11. Yale (5-2-1): The Bulldogs are 1-1-0 this season in games in which they have allowed one goal. Yale is also 1-1-0 in contests in which it has given up four or more goals. Not even Nate Silver could predict what will happen next to the Elis.
12. Boston University (7-4-0): I originally had the Terriers below Dartmouth, then noticed BU’s four losses are (in order) at New Hampshire, at North Dakota, and Boston College and UNH at home. That’s three of the country’s top eight teams. Now I’m thinking this spot might be too low.
13. Dartmouth (5-2-2): Keep an eye on this team, because it seems like the Big Green could go in any direction at any time. After reeling off a six-game unbeaten streak to start the season, Dartmouth blew a 4-1 third-period lead in a loss at Colgate, scored with less than a minute left in regulation to salvage a tie at Cornell, and allowed three third-period goals in a 6-3 at Boston College.

Gladdy Says: An Introduction And Early-Season Thoughts

As means of introduction, thanks for reading the debut of Gladdy Says, which will be published here at INCH Writers whenever I feel like it. Over the past several years I’ve found myself reading more train-of-thought briefs from writers like Elliotte Friedman, Pat Forde, Buster Olney, Peter King and others. I thought I’d throw some thoughts out there in a similar format.

The distinguishing characteristic about Gladdy Says is that these briefs will be presented in order; ranked by Opponents’ Opponents KRACH Above Replacement. No they won’t, they’re (mostly) about hockey and capturing the spirit of the thing. I do encourage your comments, rebuttals and feedback at the bottom of this post or on Twitter at @INCH_Gladdy.

GLADDY SAYS: NOV. 19, 2012

• I don’t think anyone would’ve been surprised to see that Sacred Heart was the first team in the nation to allow 50 goals on the season, which they’ve done in the first 11 games. The next-highest total goals-against aggregate is 49, which RIT has allowed in 11 games and Alabama-Huntsville has surrendered in 12 games. Next highest after those two? Michigan and Colorado College at 39.

• I didn’t think there would be a point in the entire season where Cornell would be mired in a five-game winless streak (two ties and three losses) nor did I think they’d struggle to score like they have recently. Certainly, an uptick in degree-of-difficulty on the schedule has something to do with that, but the Big Red have been held to one goal in each of their last three games. That might be remedied in the coming weeks with games against Michigan and Clarkson, ranked 55th and 45th nationally in team defense, and a St. Lawrence team that has allowed 16 goals in its last four games.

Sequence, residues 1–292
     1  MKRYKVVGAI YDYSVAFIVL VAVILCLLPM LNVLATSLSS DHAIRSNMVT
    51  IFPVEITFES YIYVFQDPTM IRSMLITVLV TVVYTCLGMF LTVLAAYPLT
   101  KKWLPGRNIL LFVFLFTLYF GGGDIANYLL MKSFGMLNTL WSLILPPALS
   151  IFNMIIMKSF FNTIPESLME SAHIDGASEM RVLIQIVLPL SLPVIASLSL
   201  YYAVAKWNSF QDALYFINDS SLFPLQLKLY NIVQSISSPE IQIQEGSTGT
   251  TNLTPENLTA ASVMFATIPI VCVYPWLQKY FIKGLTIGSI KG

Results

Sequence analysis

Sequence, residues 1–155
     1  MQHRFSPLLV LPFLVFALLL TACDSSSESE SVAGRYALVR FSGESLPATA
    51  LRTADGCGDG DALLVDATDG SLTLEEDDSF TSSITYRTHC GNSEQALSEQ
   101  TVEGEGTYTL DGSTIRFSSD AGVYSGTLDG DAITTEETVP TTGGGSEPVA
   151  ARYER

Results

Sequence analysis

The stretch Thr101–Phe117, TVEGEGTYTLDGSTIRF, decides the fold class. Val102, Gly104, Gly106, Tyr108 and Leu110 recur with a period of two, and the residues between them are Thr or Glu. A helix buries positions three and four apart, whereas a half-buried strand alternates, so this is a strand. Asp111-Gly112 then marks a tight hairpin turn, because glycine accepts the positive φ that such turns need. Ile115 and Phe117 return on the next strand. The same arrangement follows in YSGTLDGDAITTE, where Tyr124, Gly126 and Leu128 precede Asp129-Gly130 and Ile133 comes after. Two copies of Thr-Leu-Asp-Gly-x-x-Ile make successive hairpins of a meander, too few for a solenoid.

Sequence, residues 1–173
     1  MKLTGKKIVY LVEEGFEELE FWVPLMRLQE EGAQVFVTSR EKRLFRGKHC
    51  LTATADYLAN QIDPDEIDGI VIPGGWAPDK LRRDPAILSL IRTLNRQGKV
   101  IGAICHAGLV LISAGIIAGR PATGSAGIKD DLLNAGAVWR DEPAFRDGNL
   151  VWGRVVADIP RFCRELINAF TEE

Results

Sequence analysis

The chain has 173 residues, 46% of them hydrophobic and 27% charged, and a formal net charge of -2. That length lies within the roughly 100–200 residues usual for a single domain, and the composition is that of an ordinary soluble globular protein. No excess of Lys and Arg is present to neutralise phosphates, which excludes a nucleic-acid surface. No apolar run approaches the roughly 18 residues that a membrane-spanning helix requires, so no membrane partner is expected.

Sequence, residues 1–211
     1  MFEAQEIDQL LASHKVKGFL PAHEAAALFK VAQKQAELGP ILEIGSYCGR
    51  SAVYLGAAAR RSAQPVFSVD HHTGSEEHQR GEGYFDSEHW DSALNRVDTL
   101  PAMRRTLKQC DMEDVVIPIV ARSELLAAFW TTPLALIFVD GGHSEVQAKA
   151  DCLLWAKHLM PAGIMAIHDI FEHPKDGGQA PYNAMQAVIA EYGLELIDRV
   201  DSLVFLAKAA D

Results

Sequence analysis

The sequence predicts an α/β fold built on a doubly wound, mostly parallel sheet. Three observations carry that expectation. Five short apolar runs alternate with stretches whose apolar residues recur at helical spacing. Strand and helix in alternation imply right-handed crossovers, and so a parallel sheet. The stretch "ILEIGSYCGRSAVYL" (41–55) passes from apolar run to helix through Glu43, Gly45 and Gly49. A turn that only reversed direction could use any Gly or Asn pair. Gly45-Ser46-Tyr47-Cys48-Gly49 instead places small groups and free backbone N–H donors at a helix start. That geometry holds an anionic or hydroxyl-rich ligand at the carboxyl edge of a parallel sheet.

• My Rams.

• As Mike Eidelbes and I mentioned via our @INCH Twitter account, we didn’t get the entire band back together but he and I were able to gather this past Friday in East Lansing and check out some college hockey games on the good old color television while catching up on some thoughts about the early part of the season. It was a special-engagement duet reunion show. We consider Jeff Howe to be our one-armed drummer. Of course, we also met up with distinguished hockey scribe Neil Koepke and got his takes on some of the teams and players. Good to see those guys as always.

• Of course, one of the games we dialed up was the Friday night contest between North Dakota and Minnesota Duluth. I encourage the readers to take advantage of your opportunities to watch Danny Kristo play hockey. He’s one of the best offensive talents I’ve seen in my years of closely following college hockey. I consider some of Kristo’s attributes as a combination of the players involved in the great Hobey debate of 2008. His anticipation to make plays and to be in the right places on the ice matches Michigan’s Kevin Porter. Kristo’s skill, excitement, and big-game contributions compare favorably to Boston College’s Nathan Gerbe. Even Jess Myers would buy a ticket to watch Kristo play.

• If I had a Hobey vote this year, I would vote at the end of the season. It’s too early to make any claims at this point.

• Stick Salute to Dartmouth for making my preseason projection that they’ll be a breakthrough team look pretty good in the early going, even without a ton of significant contributions from Dustin Walsh.

• Bench Minor to me for not giving Colgate a little more credit. They have relied on depth in scoring and have great team quickness and have accounted for the departures of Austin Smith and Chris Wagner very capably. Of note on the Raiders, head coach Don Vaughan mentioned that he loves the hockey intelligence that this freshman class has brought to the team. Seven freshmen have been lineup regulars for the Raiders this season and freshman goalie Spencer Finney has started to earn more playing time in recent weeks.

• Finally, a sincere thanks to those who sent many kind words about our work at INCH over the years. I consider myself fortunate to have met great people and to continue many of the friendships built while INCH was more prominent, especially within the ECAC Hockey circles. I can still be found at Lynah Rink for most Cornell home games and am looking forward to seeing everyone around the rinks.

INCH Writers Rankings: The Top Whatever

Every Sunday night during the hockey season for 10 years, the INCH staff at rolled out the Power Rankings, our take on the nation’s top 20 (actually, we rated the top 16 teams our first year) and without a doubt the most popular feature of the old site. It’s not as easy as it seems, however. There were weeks we felt only 14 teams deserved to be ranked. Or 17. Some nights we’d get through about a dozen or so teams and declare, “Everyone stinks.”